What: A round of recent studies that suggests infection and mortality rates for COVID-19 are higher in areas where Fox News star Sean Hannity reaches the most viewers.
Who: Harvard Kennedy School Misinformation Review, the National Bureau of Economic Research, and the University of Chicago, and other sources, as surfaced by the Washington Post.
Why we care: If only the current surge of COVID-19 cases in the U.S. marked the beginning of a dreaded Second Wave. Instead, our inability to get the coronavirus under control in any meaningful way nationwide indicates we are still in the throes of the first wave.
It didn’t have to be this way, as several other countries around the world have proved. One of the reasons the coronavirus has spun out of control in the U.S., though, is misinformation in our media. As the Washington Post reports, one of the worst offenders in influencing Americans’ opinions and behavior around the virus is Fox News personality Sean Hannity.
The article, written by Christopher Ingraham, draws from three studies to show how conservative media has polluted the informational waters of the coronavirus, amplifying false or misleading claims, promoting conspiracy theories, and discouraging preventative measures from viewers at key moments. One study, however, by economists at the University of Chicago and other institutions, focuses on Sean Hannity specifically, showing how the difference between his coverage of the virus and Tucker Carlson’s likely played a part in higher infection and mortality rates in areas where his show reaches the most viewers.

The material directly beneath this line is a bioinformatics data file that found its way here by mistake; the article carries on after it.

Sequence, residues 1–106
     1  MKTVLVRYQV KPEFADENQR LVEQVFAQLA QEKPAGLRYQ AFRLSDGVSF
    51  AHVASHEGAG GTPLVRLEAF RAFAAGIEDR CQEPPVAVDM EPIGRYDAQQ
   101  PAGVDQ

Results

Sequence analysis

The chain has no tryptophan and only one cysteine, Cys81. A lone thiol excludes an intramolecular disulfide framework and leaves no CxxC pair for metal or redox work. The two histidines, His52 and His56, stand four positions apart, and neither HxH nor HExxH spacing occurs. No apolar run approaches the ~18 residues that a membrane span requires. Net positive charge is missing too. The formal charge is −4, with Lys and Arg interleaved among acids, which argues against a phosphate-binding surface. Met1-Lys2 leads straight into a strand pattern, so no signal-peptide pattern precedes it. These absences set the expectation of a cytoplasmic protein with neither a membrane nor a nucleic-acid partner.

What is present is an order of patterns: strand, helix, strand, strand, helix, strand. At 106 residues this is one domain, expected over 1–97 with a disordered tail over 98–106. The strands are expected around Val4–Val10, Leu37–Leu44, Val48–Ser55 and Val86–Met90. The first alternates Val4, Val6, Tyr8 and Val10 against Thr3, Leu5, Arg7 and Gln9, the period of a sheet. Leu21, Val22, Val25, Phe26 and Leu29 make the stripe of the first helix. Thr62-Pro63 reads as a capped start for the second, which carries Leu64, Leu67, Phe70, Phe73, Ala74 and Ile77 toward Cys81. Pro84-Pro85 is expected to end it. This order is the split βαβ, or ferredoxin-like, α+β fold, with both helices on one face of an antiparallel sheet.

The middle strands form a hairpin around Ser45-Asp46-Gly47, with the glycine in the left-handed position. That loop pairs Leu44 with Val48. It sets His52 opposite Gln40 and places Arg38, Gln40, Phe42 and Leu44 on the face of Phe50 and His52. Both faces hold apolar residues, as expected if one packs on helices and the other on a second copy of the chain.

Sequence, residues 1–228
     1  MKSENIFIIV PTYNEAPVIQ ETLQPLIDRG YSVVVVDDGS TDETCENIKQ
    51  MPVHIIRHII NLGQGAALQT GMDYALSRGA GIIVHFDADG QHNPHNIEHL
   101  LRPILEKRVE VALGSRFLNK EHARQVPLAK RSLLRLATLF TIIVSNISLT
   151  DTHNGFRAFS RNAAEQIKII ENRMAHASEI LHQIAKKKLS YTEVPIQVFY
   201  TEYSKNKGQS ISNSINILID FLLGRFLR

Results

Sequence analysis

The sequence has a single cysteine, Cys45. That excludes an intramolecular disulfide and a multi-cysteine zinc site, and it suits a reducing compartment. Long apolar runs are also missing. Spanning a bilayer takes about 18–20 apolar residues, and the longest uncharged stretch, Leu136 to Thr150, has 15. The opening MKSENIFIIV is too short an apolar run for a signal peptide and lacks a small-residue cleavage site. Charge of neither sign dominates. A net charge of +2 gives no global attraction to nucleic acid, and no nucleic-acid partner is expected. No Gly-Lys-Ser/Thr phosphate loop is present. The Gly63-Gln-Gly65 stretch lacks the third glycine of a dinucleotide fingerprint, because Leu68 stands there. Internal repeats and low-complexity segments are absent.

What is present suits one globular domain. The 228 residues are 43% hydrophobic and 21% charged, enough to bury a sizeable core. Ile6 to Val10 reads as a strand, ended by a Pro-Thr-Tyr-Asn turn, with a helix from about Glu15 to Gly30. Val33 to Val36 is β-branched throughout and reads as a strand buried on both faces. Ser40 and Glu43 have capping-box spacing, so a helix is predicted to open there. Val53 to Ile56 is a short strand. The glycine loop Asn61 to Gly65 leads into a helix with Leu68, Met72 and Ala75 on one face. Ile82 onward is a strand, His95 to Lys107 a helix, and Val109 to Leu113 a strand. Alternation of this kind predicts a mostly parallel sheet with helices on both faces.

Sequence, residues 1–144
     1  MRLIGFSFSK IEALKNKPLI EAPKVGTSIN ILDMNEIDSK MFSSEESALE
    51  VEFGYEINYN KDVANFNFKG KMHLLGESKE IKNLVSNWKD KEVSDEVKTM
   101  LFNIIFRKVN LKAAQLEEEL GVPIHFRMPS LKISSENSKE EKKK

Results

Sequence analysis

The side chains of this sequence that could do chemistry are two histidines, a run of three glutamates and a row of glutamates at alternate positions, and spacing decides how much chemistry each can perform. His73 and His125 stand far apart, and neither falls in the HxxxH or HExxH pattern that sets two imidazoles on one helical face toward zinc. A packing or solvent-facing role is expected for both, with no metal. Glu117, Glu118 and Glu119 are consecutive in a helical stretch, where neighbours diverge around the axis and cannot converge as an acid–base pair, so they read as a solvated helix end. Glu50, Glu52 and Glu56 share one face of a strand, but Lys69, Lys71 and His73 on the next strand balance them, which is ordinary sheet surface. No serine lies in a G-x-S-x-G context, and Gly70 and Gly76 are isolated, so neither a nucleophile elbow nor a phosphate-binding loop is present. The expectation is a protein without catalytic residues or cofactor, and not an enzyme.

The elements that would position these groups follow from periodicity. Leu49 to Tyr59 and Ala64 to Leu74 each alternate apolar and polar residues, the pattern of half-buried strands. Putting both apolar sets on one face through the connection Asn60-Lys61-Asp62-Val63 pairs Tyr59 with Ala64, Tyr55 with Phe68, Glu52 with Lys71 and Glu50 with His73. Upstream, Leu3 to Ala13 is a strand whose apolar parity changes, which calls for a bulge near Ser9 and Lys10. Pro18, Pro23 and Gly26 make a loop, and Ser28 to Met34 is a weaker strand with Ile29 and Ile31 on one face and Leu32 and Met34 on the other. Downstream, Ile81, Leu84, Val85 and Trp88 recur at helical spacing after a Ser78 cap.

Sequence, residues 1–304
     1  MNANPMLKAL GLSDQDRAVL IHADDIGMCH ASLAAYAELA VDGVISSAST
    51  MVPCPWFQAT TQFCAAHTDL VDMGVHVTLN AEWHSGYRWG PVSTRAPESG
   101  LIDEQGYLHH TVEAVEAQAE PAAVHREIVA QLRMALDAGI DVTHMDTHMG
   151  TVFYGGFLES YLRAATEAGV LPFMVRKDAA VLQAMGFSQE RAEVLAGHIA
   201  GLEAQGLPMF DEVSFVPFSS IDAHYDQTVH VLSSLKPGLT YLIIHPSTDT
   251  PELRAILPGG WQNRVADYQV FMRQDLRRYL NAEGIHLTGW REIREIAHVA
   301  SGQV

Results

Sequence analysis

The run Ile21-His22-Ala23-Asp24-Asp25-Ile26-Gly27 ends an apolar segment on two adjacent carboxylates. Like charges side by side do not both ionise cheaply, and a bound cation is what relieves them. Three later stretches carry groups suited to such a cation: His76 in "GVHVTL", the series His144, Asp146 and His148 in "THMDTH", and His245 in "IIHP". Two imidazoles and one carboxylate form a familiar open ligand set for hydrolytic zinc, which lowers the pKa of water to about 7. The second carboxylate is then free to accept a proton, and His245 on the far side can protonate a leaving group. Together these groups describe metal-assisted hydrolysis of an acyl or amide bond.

According to the researchers, “Carlson warned viewers that the coronavirus might pose a serious threat from early February, while Hannity first ignored the topic on his show and then dismissed the risks associated with the virus, claiming that it was less concerning than the common flu and insisting that Democrats were using it as a political weapon to undermine the president.”
This study finds that not only are Fox News viewers less likely to comply with public health guidelines than those who rely on other news sources, but it singles out Hannity viewers as being demonstrably skeptical at a critical point. Through surveys, the study determined Hannity fans were more likely to have changed behaviors like handwashing and travel plans four days later than viewers of other Fox News programs.
Although this study has not yet gone through a formal peer-review process and doesn’t empirically prove causation, Ingraham notes that it has been praised by academics such as Zeynep Tufekci of The University of North Carolina, who has written extensively on the American response to COVID-19. The Center for Disease Control has not as yet officially declared exposure to Sean Hannity a public health risk.